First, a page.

Of course the Treatment Guidelines do acknowledge the toxicity of stavudine:

— at least in combination with lamivudine. But “Not recommended as initial therapy [emphasis added]” is not at all the same as “Should not be used”.
The 2009 Guidelines also warn that “combined use of didanosine and stavudine as a dual-NRTI backbone can result in a  high incidence of toxicities, particularly peripheral neuropathy, pancreatitis, and lactic acidosis . . . . This  combination has been implicated in several deaths of HIV-infected pregnant women secondary to severe lactic acidosis  with or without hepatic steatosis and pancreatitis . . . . Therefore, the combined use of didanosine and stavudine is not recommended”. Again, “not recommended” is not synonymous with “should not be used”.
Furthermore, “NRTI Substitutions (e.g., changing from zidovudine or stavudine to tenofovir or abacavir): This may be considered for a patient who has no history of viral resistance on an NRTI-containing regimen” (p. 74) illustrates that both zidovudine (= AZT) and stavudine continued, in 2009, to be standard components of antiretroviral cocktails.
Beyond that, the dangerous combination of didanosine and stavudine continues to be recommended as a possible last resort:

or if patients already have renal or hepatic insufficiency (= kidney or liver disease):

Perhaps the reasoning is that they’re dying anyway, maybe the stavudine will help them along?

So by 2009 there were certain caveats to the use of stavudine, by contrast to the “strong recommendations” for its use in earlier years, even in the deadly combination with didanosine:
In February 2001, the Treatment Guidelines “strongly recommended” stavudine “for initial treatment of established HIV infection”, in combination with “didanosine or lamivudine plus efavirenz or indinavir”.
Again in July 2003, The “Recommended Combination  Antiretroviral Regimens” included  “Efavirenz + (zidovudine or tenofovir or stavudine)  + lamivudine as preferred initial NNRTI-based  regimens (except for pregnant women)”.
In  October 2005, it was downgraded to ordinary, not strongly recommended:
“NNRTI-Based Regimens —  Efavirenz + (didanosine or abacavir or stavudine) + (lamivudine or emtricitabine) (except during pregnancy, particularly the first trimester, or in women  with high pregnancy potential)”. However, it was still lauded for efficacy: “The most experience with efavirenz, demonstrating  good virologic responses, has been shown in  combination with 2-NRTI backbones of lamivudine plus zidovudine, tenofovir, stavudine, abacavir, or  didanosine”. “Alternative PI-based regimens may include: . . . all used in  combination with zidovudine or stavudine or  tenofovir . . .”.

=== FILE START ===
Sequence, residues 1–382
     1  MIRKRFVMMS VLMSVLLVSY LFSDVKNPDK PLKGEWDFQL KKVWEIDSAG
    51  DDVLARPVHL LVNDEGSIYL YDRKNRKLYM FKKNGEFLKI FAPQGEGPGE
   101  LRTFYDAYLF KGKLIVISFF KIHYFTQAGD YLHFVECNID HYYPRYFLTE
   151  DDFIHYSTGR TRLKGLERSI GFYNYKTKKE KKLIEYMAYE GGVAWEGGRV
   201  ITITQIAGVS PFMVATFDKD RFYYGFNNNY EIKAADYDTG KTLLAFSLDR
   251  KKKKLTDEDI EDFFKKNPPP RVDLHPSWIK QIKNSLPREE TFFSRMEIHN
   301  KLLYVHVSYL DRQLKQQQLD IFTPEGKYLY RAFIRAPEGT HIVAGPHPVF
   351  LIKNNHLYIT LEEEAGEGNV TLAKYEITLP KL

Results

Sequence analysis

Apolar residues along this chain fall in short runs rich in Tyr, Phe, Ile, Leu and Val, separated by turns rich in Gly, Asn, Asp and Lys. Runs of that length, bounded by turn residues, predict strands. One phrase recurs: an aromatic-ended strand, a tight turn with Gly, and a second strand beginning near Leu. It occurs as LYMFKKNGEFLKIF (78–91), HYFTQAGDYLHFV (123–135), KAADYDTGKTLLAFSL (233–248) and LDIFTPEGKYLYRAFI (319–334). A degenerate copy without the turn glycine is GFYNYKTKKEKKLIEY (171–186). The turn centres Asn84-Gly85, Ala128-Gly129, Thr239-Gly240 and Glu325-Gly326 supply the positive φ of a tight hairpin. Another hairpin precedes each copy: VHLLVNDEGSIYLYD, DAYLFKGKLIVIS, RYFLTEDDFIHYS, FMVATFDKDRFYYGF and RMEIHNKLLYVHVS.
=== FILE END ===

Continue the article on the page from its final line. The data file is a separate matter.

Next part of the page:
For “Selection of Dual Nucleoside ‘Backbone’  as Part of Initial Combination Therapy” the recommendation was “(Zidovudine or tenofovir) + (lamivudine or emtricitabine) as the 2-NRTI backbone of choice  as part of some combination regimens. . . . (Stavudine or didanosine or abacavir) + (lamivudine or emtricitabine) may be used as  alternative 2-NRTI backbone combinations”.
“It may be necessary to prescribe alternative NRTIs for some patients because of side effects of these agents, such as bone marrow  suppression with zidovudine and the increasingly reported toxicities including lipoatrophy and  symptomatic lactic acidosis with stavudine”.
A backhanded admission that AZT/ZDV suppresses the bone marrow — an admission that was not made, of course, when Duesberg said it and pointed out that this kills the immune system, so that the drugs produce the very disease they are supposed to treat.
Given the acknowledged toxicities, why are antiretroviral drugs continuing to be administered?